The Corkline

NETwork Recycling Program

Published February 20th, 2020 by Copper River Salmon

Sustainability and conservation are Alaskan values. The fishing families of south-central Alaska are independent, small business owners dedicated to long-term sustainability of wild salmon stocks, the environment and way of life. Our passion not only preserves our livelihood but also ensures abundance for future generations. 

Gillnetting is a common harvest method used by commercial fishermen. Gillnets are composed of vertical panels of web that hang from line with regularly spaced floats, or corks, that keeps the cork line floating at the surface of the water.

Commercial fishermen in Alaska use about 800,000 to one million pounds of nylon fishing web in their nets per year.  In our community, the Copper River Watershed Project, pioneered a program for net recycling. This ensures that old nylon web is recycled and repurposed to extend the life of landfills; reducing the cost to municipal operations and reducing the impact of our industry. 

For the past 11 years, Copper River Watershed Project has facilitated the Cordova Recycling “NETwork” to provide a means of recycling these nets, thanks to considerable assistance from community partnerships. Through this program, they have diverted 263,712 pounds of web to date from the landfill and marine environment, and remain one of only two long term net-recycling programs in Alaska.

Previously, nets collected in Cordova were shipped to Bellingham, Washington where they were bailed and loaded in 20-ton containers for shipment to China. In China, the nets were ground up, formed into pellets and then repurposed into carpet, clothing and other common uses for nylon. This season Copper River Watershed Project will be working with a company in Canada rather than shipping to China.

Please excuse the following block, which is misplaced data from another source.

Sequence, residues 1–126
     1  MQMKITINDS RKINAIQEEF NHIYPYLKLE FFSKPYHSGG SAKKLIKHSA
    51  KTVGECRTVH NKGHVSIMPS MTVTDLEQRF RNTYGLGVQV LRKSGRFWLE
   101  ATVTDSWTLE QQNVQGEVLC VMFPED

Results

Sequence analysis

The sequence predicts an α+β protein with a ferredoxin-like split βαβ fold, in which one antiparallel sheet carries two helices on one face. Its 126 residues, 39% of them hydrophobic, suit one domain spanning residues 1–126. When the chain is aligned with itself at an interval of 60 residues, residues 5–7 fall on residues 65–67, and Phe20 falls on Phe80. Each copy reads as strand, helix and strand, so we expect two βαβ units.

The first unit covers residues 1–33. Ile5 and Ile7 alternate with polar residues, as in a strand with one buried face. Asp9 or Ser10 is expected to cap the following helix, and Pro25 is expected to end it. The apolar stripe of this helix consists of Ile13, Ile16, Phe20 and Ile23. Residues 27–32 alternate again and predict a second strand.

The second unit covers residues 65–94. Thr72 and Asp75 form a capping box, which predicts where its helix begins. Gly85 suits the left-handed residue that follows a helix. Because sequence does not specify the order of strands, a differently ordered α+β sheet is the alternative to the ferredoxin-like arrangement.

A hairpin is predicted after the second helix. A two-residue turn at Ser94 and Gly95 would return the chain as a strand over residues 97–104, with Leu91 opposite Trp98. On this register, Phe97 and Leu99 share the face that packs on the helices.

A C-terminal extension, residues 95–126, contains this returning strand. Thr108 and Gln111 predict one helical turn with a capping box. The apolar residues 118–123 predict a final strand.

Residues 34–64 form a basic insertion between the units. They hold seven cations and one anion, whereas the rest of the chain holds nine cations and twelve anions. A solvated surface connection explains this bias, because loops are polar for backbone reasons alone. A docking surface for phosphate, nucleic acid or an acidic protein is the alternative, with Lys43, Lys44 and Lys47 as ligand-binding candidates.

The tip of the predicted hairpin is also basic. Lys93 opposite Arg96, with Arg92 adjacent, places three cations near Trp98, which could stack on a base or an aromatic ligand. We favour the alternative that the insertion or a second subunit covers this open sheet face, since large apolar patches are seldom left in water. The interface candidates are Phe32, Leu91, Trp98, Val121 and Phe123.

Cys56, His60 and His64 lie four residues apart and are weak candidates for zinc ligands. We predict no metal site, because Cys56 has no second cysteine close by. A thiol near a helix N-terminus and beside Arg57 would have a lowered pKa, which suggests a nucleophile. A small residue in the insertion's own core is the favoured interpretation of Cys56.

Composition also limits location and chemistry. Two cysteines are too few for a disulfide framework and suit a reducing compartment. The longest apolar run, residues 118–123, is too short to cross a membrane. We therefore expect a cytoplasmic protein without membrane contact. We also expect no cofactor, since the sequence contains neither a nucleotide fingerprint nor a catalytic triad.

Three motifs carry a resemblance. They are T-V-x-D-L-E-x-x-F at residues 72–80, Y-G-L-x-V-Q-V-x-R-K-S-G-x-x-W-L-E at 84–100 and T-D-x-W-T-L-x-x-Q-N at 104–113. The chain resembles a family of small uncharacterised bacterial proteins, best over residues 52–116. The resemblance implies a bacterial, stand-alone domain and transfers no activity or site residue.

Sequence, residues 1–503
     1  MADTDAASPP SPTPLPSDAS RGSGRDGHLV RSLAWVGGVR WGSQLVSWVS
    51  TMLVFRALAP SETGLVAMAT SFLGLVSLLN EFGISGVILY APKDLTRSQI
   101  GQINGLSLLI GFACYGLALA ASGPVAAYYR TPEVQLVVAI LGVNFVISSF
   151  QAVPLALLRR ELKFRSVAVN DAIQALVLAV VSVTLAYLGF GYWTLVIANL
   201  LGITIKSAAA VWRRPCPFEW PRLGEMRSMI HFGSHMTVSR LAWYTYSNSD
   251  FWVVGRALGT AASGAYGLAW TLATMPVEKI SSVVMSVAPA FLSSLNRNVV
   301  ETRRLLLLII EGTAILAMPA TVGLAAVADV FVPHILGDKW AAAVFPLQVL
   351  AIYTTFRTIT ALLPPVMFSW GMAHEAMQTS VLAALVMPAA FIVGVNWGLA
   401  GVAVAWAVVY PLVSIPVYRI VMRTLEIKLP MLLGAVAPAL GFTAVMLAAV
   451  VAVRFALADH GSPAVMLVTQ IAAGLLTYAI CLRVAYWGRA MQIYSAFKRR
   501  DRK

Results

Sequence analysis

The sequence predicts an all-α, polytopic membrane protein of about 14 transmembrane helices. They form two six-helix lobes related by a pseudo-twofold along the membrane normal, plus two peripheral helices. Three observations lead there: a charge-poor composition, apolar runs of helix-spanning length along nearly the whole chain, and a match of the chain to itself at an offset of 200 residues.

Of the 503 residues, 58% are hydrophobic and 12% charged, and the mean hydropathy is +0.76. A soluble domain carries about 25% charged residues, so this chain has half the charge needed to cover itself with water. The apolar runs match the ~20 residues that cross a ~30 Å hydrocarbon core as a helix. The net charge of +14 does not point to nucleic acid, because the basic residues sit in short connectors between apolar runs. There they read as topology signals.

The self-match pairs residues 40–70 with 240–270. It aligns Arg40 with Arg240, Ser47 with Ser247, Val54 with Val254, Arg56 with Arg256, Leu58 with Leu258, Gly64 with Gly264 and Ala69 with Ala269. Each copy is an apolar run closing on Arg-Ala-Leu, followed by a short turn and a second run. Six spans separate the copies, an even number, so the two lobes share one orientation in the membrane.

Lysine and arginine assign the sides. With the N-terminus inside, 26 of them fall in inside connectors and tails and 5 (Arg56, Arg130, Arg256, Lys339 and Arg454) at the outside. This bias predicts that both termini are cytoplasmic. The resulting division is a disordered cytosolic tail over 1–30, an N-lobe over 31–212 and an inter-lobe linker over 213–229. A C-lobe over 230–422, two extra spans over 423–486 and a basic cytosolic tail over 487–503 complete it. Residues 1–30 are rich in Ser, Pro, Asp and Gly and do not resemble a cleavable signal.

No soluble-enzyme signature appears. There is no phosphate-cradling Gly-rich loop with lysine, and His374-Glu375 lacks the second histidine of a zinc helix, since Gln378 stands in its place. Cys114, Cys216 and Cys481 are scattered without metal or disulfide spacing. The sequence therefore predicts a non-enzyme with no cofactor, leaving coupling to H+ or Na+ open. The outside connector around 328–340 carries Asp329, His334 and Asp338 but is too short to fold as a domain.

All manner of fishing nets are made from components containing nylon, which can be recycled and re-processed to manufacture new products over and over again such as: 

  • Econyl makes socks, swimsuits, and activewear to carpet.
  • Bureo uses pellets made from fishing nets to create sunglasses, jenga blocks, and
  • skateboards.
  • Fishy Filaments recycles fishing nets into 3D printer filament.
  • Patagonia integrates the fiber from fishing nets into their raincoats.
  • SOP recycles fishing web into carpet squares.
  • Also including telephones, computer parts, toothbrushes, carpeting and bicycle seats, among others.

How should I prepare my old net for recycling?

  1. Web Only. All weedlines, corklines, leadlines and hanging twine must be removed. 
  2. Bundle web is a piece of scrap web. 
  3. Bring web for recycling during a fishing web collection event or contact CRWP at 424-3334 to arrange a time to drop off web.

Our fleet is an enthusiastic partner of this program, promoting sustainability and conservation. By preserving the rich, natural legacy of the Copper River we are ensuring this legacy will survive for generations to come. 

‹ Back